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  1. #1
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    Should you wipe old routers before disposal?




    LANGALIST PLUS

    Should you wipe old routers before disposal?


    By Fred Langa

    Disposing of outdated computing hardware often brings up the question of potential security risks.

    In the case of old network gear, it's easy to make sure that absolutely no trace of your network setup remains on old, donated gear.



    The full text of this column is posted at windowssecrets.com/langalist-plus/should-you-wipe-old-routers-before-disposal/ (paid content, opens in a new window/tab).

    Columnists typically cannot reply to comments here, but do incorporate the best tips into future columns.

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    CLC (2011-10-06)

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    Re freerider software

    Adobe got me yesterday with the new 64bit versions of Flash plugins.
    They're now packing McAfee bloat in there, there was an option to opt-out, but I missed it
    I understand why the little guys do it, gives them a bit of loot to pay the rent, so I look for freerider opt-outs.
    Given what Adobe charge for Creative Studio, full blown Acrobat etc, why do this - maybe they're going broke too.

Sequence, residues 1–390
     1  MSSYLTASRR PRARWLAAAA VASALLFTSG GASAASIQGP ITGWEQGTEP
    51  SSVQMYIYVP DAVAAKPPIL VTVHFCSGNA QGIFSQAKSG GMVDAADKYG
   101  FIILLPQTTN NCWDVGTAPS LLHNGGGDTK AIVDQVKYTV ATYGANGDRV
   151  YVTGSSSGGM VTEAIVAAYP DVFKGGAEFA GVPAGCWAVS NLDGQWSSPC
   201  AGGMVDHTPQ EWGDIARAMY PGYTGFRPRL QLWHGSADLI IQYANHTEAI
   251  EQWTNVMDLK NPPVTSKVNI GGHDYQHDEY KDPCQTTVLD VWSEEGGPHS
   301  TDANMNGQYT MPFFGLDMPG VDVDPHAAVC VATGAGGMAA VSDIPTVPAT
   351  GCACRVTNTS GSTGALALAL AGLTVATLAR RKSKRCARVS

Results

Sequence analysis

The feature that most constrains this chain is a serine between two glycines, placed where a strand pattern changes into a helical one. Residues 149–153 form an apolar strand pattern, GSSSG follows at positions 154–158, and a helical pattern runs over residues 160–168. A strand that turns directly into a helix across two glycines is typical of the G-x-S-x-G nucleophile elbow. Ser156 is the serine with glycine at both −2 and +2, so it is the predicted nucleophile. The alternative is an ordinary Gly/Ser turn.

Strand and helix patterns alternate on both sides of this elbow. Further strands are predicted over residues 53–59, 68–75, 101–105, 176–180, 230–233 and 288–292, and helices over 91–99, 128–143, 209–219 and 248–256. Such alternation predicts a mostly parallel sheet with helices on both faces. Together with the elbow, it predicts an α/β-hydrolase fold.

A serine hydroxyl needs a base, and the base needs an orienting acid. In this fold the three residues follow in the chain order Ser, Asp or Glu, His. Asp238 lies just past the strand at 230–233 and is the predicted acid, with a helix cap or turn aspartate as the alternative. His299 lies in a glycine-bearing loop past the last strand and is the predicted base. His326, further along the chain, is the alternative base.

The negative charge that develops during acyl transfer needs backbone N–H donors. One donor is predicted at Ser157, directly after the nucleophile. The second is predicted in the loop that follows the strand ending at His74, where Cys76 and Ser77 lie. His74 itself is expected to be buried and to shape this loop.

Apparently one of the major download sites is now packing downloads & freeriders into some sort of wrapper
    I forget which download site - I always try to use the author site, in a pinch I use filehippo.

  4. #3
    Super Moderator BATcher's Avatar
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    Quote Originally Posted by northwood2222 View Post
    Don't forget to click Thanks if you find a post useful - its at bottom left of post
    You must have missed the post which defines what the Thanks button is for...
    BATcher

    Time prevents everything happening all at once...

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    northwood2222 (2011-10-06)

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    Quote Originally Posted by BATcher View Post
    You must have missed the post which defines what the Thanks button is for...
    It was months before I saw the Thanks button, which is when I put that msg into my sig